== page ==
A Nassau County corporation is suing a Westhampton Beach attorney, seeking $8.6 million in damages, alleging that he duped investors into buying nearly 6 acres of undevelopable land in North Sea earlier this year.
In a lawsuit filed this month in Nassau County Supreme Court, the partners of the corporation—listed only as U & Me Homes of Westbury—are charging that Dwayne Wagner of East Quogue deceived them into buying the land on which they intended to construct a single-family house. The corporation acquired the landlocked property at 67 Laurel Valley Drive for $575,000 in January, spending more than 11 times what Mr. Wagner, who has a law office on Main Street in the village, had paid for the land when he acquired it a decade earlier under the name Route 58 Holdings LLC, according to Southampton Town records. He spent $50,000 on the land at the time, records indicate.
Building restrictions, however, prohibit all development on the property, and the lawsuit alleges that Mr. Wagner, as well as the title insurance agent, conspired to purposely hide the covenants placed on the deed to ensure that the deal would be completed. The lawsuit also lists the Stewart Title Insurance Company in Melville and its agent, Abstracts Inc. in Riverhead, as co-defendants, with U & Me Homes also seeking millions in damages from both of those parties.
“There is absolutely no merit to the allegations in the complaint,” Mr. Wagner wrote in an email on Friday, confirming that he had been served with the lawsuit. “I am engaging counsel to respond to the complaint and am very confident it will be expeditiously dismissed. I will be requesting that the court sanction the attorney who drafted the complaint for filing a frivolous lawsuit against me.”
Mr. Wagner, the former president of the Greater Westhampton Chamber of Commerce, did not respond to additional questions asking if he was aware of the restrictions placed on the land or why they were in place.
The lawsuit alleges that Mr. Wagner, as the principal of Laurel Valley Holdings Inc., directed Abstracts Inc. to issue U & Me Homes a title report for the property in September 2012. The corporation agreed to close on the sale in January, and the Stewart Title Insurance Company issued a Policy of Title Insurance at that time, according to the complaint.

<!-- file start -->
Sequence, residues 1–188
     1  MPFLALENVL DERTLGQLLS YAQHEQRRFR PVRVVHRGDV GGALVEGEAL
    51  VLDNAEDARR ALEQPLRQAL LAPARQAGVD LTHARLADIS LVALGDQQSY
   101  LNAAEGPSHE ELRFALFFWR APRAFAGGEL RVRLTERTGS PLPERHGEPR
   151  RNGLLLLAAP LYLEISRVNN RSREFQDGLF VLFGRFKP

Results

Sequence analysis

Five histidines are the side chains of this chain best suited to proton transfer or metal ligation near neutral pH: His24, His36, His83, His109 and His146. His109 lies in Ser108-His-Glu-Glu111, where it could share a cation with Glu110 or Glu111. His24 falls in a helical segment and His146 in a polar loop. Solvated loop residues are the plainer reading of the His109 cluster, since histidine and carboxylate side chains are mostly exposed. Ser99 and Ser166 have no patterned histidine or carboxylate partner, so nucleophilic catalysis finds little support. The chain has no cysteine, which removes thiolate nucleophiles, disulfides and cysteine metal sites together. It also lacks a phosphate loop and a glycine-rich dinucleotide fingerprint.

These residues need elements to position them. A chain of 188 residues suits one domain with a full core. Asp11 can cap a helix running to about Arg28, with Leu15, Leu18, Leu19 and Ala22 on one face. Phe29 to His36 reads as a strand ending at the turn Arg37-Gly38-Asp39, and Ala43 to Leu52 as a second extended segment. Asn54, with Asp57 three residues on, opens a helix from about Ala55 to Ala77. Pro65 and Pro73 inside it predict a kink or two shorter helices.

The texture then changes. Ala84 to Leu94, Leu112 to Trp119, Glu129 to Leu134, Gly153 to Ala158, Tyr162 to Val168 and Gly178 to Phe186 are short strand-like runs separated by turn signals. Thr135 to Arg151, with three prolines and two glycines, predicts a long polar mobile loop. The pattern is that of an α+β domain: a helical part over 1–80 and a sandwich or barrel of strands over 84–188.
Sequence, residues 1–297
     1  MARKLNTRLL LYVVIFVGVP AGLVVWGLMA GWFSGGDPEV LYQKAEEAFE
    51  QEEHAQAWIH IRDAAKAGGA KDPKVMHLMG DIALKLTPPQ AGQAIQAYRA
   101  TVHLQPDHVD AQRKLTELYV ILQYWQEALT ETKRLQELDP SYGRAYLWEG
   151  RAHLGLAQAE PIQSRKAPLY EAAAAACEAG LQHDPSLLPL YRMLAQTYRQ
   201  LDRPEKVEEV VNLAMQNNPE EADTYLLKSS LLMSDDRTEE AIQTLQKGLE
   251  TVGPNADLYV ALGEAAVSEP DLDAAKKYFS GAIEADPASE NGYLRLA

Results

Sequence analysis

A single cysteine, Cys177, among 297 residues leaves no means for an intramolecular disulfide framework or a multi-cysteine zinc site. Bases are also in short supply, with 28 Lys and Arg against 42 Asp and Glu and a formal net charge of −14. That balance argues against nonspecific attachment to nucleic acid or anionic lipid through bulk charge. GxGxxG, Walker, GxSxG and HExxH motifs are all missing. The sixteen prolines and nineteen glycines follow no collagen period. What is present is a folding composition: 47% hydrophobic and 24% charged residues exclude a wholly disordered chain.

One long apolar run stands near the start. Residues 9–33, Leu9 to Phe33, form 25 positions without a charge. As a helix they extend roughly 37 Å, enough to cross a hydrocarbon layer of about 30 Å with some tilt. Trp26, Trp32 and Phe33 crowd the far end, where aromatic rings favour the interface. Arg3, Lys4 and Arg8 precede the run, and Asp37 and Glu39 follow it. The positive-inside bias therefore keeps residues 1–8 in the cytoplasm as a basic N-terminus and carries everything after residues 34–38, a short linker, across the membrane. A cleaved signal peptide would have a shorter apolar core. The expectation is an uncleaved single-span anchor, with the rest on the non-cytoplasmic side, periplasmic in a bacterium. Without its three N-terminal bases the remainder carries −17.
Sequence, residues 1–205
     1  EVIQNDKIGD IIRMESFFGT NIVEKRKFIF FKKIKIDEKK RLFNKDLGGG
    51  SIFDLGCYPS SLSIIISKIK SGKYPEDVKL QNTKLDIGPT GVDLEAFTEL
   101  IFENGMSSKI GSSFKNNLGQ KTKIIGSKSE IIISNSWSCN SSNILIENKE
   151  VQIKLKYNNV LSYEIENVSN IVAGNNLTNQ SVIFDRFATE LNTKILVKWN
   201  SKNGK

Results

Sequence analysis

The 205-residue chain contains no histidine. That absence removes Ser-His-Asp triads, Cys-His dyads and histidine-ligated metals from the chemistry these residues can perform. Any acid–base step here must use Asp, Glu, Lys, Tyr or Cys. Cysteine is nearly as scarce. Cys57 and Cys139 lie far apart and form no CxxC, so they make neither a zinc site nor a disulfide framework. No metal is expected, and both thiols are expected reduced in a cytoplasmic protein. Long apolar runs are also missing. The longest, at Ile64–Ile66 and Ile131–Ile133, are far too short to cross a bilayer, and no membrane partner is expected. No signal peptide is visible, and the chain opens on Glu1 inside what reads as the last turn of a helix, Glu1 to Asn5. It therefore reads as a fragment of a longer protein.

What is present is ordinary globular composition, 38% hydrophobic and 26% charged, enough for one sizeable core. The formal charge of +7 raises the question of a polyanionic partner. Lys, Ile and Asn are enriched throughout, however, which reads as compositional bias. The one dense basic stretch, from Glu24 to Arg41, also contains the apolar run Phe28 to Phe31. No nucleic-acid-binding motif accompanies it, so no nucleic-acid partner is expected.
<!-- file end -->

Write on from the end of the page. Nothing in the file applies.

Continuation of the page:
It was not until after the sale was complete that U & Me Homes officials, while applying for permits from Southampton Town to begin construction on a house, learned that they could not build on the land. Lee Mondshein, the attorney representing the plaintiffs who has an office in Melville, said Tuesday that the title report made no reference to such building restrictions. Had his clients known about the restrictions, they would not have made the purchase, according to Mr. Mondshein.
When Suffolk County transferred the property in 2000 to its previous owner, BPC Holdings Inc., the deed contained a restriction that “there shall be no development rights as to this parcel other than the right to construct a 50-foot westward extension of Laurel Valley Drive … ” the complaint states. Mr. Mondshein said he still does not know why such restrictions were placed on the land.
Calls placed to the Stewart Title Insurance Company were not returned this week.
Officials from Abstracts Inc. declined to comment, citing the ongoing litigation.
The complaint also states that Mr. Wagner and Abstracts Inc. knew that the owners of the corporation were purchasing the property with the intention of building a home, and it alleges that employees of Abstracts Inc. conspired with Mr. Wagner to “conceal public records with the specific intent of defrauding, deceiving and misleading” the corporation into buying the property.
“The bottom line is, Wagner knew about it,” Mr. Mondshein said, referring to the building restrictions.
The attorney added that his clients, whom he would not identify by name, believe that the title insurance company was also deceived by Mr. Wagner and the company’s agent, Abstracts Inc. He added that the title insurance company is still at fault because it failed his clients and “refused to honor the loss.” Stewart Title Insurance Company, Mr. Mondshein said, has refused to pay claims that should be covered by the title insurance that it underwrote.
“I don’t believe Stewart Title had any knowledge,” he said. “They were equally a victim.”
The complaint seeks $12.6 million in damages and attorney fees from Abstracts Inc. for four causes of actions, $4.6 million from Stewart Title Insurance for two causes of action, and $8.6 million from Laurel Valley Holdings Inc. and Dwayne Wagner for three causes of action.
Online records show that Michael Axelrod of Westbury as the contact for U & Me Homes, though he could not be reached for comment.
Southampton Town records show that six years after Mr. Wagner first purchased the property in 2003 under Route 58 Holdings LLC, Suffolk County acquired the land for delinquent taxes. In 2010, Mr. Wagner paid the $22,276 in taxes owed on the property and then reacquired it from the county. In 2012, he transferred the land to Laurel Valley Holdings LLC.
Mr. Mondshein said his clients were not privy to such information at the time of the purchase. The title report, he said, simply certified that Laurel Valley Holdings had the ability to convey the title.
“Had we seen it, it might have raised a red flag,” he said. “But we relied on the title company and [Abstracts].”